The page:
In the final analysis, I don't know if Waltz With Bashir simply lacked introspection (for all its narrative emphasis on reclaiming memory) and is thus a flawed film, or whether I'm just such a legalistic Pharisee that I'm looking at a glass half full and condemning it for not being overflowing. Perhaps if it weren't being praised so widely and strongly, I might think the latter. As it is, I sort of felt watching the film like my wife must have felt after some arguments early in our marriage--you know in that moment after the dust has settled and the party you were fighting with has reconciled himself to the situation and talked through his motivations and explained his (flawed but he assures you basically decent) intentions and demonstrated contrition and maybe even done penance but, well, never actually said "I was wrong."

More discussion at Cinevox.

Monday, March 02, 2009

Why I Think The Watchmen is Going to Be a Smash...

Once upon a time there was a film.

It had a director mostly known for making franchise films bigger and louder but who was not particularly considered a great director/auteur.

It got a lot of buzz but was plagued by whispers of problems, whispers that were not helped by an early in the year, non-prestige release date.

The film I'm thinking of had a kick-butt trailer. But the trailer was also a teaser, and it came out so far in advance of the film that rather than building excitement culminating in a ticket purchase, it created anxiety (have I seen all teh good stuff already? will it be another trailer that looks good but be a bad film?) and backlash (I'm sick of this movie and I haven't even seen it yet!).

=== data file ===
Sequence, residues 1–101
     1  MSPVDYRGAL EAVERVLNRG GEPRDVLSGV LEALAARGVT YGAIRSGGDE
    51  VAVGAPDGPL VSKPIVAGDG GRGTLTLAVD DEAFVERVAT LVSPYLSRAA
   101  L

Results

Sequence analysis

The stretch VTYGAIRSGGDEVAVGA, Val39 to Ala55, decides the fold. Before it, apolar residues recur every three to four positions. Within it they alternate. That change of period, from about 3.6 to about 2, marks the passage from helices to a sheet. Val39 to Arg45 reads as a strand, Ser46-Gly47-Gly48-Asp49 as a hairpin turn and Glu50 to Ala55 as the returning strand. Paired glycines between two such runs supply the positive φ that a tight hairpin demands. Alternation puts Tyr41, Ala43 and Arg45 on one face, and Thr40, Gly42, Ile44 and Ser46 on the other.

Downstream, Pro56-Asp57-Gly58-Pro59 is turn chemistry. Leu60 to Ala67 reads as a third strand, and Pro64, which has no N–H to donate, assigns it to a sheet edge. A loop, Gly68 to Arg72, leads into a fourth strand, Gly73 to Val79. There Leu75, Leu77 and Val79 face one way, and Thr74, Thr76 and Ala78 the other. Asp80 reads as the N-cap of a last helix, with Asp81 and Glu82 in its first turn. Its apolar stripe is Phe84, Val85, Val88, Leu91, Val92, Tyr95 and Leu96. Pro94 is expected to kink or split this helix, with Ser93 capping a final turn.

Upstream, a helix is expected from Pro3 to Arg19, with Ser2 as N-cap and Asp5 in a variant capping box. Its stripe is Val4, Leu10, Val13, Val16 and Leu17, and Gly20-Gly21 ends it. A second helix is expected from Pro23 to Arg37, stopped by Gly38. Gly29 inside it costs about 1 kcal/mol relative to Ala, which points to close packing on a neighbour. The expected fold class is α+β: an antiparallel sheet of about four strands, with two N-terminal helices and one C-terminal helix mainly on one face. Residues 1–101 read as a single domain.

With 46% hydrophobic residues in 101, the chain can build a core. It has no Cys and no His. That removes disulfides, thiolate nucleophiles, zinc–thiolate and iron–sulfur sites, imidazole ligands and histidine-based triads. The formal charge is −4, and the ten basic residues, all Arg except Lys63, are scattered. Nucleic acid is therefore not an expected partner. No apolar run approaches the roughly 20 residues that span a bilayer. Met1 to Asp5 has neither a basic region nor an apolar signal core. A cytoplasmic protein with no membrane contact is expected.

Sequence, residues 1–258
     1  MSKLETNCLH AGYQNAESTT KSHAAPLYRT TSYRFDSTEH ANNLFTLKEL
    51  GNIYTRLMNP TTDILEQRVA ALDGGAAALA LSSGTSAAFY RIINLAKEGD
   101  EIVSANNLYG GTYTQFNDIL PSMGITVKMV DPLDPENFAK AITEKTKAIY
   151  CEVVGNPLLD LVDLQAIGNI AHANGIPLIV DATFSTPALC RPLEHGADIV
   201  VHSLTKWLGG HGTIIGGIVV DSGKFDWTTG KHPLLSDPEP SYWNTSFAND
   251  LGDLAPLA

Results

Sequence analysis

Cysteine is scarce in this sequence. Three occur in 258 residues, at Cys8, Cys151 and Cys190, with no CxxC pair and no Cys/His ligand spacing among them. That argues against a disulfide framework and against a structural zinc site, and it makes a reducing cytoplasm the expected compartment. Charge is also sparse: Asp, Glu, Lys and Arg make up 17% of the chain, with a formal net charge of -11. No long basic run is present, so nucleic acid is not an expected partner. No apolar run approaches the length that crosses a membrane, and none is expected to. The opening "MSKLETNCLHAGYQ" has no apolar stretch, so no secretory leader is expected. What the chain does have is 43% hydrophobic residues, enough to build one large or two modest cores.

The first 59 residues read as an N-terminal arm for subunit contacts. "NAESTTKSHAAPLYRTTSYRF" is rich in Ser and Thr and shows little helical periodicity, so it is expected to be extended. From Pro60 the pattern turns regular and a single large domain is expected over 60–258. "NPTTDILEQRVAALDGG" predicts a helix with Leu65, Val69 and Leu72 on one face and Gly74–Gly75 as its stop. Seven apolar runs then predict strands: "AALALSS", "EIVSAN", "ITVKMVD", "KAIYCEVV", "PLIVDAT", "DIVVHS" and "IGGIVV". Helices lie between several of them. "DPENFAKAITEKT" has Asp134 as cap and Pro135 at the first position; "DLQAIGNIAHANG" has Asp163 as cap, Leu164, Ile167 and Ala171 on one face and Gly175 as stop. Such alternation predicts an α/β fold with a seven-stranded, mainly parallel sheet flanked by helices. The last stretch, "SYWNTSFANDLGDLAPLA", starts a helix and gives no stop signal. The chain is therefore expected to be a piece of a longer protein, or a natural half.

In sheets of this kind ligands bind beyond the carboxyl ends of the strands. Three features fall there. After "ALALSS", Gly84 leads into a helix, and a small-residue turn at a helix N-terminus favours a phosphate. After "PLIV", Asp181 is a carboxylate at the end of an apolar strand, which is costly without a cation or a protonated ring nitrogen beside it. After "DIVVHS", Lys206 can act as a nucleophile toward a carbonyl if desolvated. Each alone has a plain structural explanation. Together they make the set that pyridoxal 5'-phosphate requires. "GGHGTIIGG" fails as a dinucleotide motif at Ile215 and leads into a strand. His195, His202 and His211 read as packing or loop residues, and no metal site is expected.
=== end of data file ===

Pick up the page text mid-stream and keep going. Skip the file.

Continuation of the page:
Early reviews were guarded, and the pressure of the fact that nothing less than a home run would live up to expectations made failure seem inevitable.

It was in a genre that conventional wisdom said appealed to a particular demographic rather than to a wide enough one to attract blockbuster numbers.

It starred actors who, while known, were not exactly box office best bets.

It was accused of being special effects laden, bloated, and over long.

That film was....


I swear the lead up to The Watchmen feels nothing if not like the buzz creation cycle leading up to Titanic, and I just have a hunch people are going to go ape over the film in a big way...

No, I haven't seen the film and I've read the graphic novel once. I liked it, but I don't consider myself a geek about it. This is nothing but a hunch, but it just feels like deja vu all over again.

Sunday, March 01, 2009

Seraphine Redux.

I came out of Toronto thinking I was the only one enamored of this film, but I see from David Hudson's blog at IFC that I was a bit premature in that assessment.

I found it a difficult film, not so much technically but in the way that it refuses to give in to pat answers to the questions it raises and risks leaving some frustrated at that fact. But it lingered in my memory, and it is a great case study for those who ponder the meaning and value of art in our lives.